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Dreidels and Drumsticks

By Stephanie G. Franklin

This year, November 28 marks something truly phenomenal. For fascinating reasons relating to the interaction of the Gregorian and lunar calendars, Thanksgiving and Hanukkah will coincide for the first time in over a century, and the last time for millennia. The holiday, in all its glory, has come to be known as Thanksgivukkah. Excitement has proliferated, with recipe contests, themed gear, and cheesy videos popping up across the Internet.

Personally, I cannot contain my excitement at the prospect of celebrating multiple great holidays on one magnificent day. To my dismay, however, Steven Colbert did not share in my enthusiasm. In a segment titled “Thanksgiving Under Attack,” he lamented Hanukkah’s invasion of Thanksgiving. And at the risk of seeming like I don’t get satire, I’d like to respectfully disagree with Mr. Colbert.

Perhaps I’m biased, as my birthday happens to fall on this day as well, but in my mind, Thanksgiving and Hanukkah coinciding will be nothing other than a blissful union of cranberry sauce and latkes (and birthday cake). The holidays are actually very similar, as both center around an idealized story embellished to make it seem more positive. Every year in elementary school I learned an over-simplified version of the peaceful coexistence of Native Americans and the Pilgrims, and every year in Hebrew school I learned about the incredible triumph of the Maccabees.

Additionally, as my family’s tour guide on a trip to Israel explained, every Jewish holiday can be summed up in three sentences: “They tried to kill us. We won. Let’s eat.”  I can’t think of any secular holiday that so perfectly encapsulates this Jewish idea of celebrating through food like Thanksgiving does. In fact, Buzzfeed has conveniently provided a list of recipes creatively merging traditional Hanukkah and Thanksgiving cuisines. Furthermore, both holidays are times in which we traditionally get together with our extended families to celebrate. The overall compatibility of the two is astounding, and, in my mind, if there’s more reason to celebrate, we can’t possibly complain.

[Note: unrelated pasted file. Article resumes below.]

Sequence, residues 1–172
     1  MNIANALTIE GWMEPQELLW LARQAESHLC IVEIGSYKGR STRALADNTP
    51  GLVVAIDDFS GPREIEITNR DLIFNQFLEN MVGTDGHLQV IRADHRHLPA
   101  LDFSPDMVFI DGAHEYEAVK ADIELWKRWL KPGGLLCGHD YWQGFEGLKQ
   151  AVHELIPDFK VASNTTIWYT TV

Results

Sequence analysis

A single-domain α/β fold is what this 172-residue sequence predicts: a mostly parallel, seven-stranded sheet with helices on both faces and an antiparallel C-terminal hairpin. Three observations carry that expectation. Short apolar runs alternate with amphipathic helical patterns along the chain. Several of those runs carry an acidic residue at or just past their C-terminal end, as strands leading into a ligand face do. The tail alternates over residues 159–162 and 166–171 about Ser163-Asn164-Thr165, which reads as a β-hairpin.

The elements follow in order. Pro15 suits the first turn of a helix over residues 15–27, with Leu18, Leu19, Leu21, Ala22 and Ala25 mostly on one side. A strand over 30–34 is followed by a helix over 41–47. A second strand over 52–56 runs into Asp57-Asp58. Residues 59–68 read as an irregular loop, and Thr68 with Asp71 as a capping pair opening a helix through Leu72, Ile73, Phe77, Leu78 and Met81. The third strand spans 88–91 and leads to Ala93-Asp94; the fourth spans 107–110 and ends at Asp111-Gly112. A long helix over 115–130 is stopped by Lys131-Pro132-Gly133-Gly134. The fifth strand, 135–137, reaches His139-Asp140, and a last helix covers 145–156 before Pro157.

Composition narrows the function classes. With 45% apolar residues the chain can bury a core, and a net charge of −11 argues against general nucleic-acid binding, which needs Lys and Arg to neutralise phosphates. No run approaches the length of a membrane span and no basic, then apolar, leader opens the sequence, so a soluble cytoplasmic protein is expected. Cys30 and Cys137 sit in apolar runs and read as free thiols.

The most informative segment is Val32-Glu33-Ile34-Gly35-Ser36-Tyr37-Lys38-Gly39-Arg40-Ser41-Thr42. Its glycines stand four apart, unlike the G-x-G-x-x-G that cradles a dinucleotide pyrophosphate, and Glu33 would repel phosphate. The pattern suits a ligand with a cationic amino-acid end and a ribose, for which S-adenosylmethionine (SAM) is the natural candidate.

However, while I don’t feel much sympathy for Steven Colbert’s inability to draw a “hand-menorah,” the idea of merging Thanksgiving and Hanukkah does bring up larger issues of Jewish culture in America.  A study released by the Pew Research Center at the beginning of the month found that the prevalence of religious Jews in America is declining.  Specifically, the study noted rising trends in intermarriage and in Jews who identify as having “no religion.”

My excitement over Thanksgivukkah arguably betrays my status as one of these problematic secular Jews. I see my Judaism as simply another part of my overall culture, capable of being molded to fit my life as a regular American in the most convenient way.  Thus, some might argue, it’s problematic that I get my ideas for how to observe a Jewish holiday from Buzzfeed instead of from the Talmud— that I see Jewish culture as so adaptable into secular American culture. However, just as I don’t view celebrating two holidays at once as an inherent problem, I don’t believe this study poses as much of an issue as it might initially seem.

The study cites a rise in “religion-less Jews” and a rise in intermarriage, but these factors themselves are not necessarily negatives. The only reason these phenomena are considered bad by some is because they signify declining Jewish religiosity in this country.  However, the United States is currently experiencing a decline in religious affiliation across all faiths. American culture is already wearing down on strict religious observance.

Moreover, intermarriage and purely cultural Judaism can actually serve to benefit Judaism as a whole, by making the religion more accessible in the first place. If we want more people to become involved in the Jewish religion, then we shouldn’t turn away people at the fringes. While we should continue to make an effort to promote more advanced Jewish education among American Jews, we must be careful; if we send the message that only strict observance of Judaism is acceptable, many people will not receive enough initial exposure to be able to seek this further education.

In fact, some have recognized the potential to spread and promote Judaism in none other than Thanksgivukkah, believing that the overlap will cause more people to recognize Hanukkah and learn about Jewish culture. Jewishboston.com even created a website dedicated to spreading the word about the holiday.  The impact may be small, but the message is the same—increased accessibility is a good thing.

Finally, the assimilated Jewish culture is still a valid one that ought to be appreciated for what it is. There is no reason to say one culture is more valid than another, and while it’s great to encourage religious observance, this shouldn’t come at the expense of those who choose to be less observant. The merging of Jewish and American culture is a complicated issue, but the experience this November is sure to be worthwhile.  And if it allows Jewish families to have twice the food this Thanksgiving break, then it certainly can’t be a bad thing.

Stephanie G. Franklin ’16 is a Crimson editorial writer in Dunster House.

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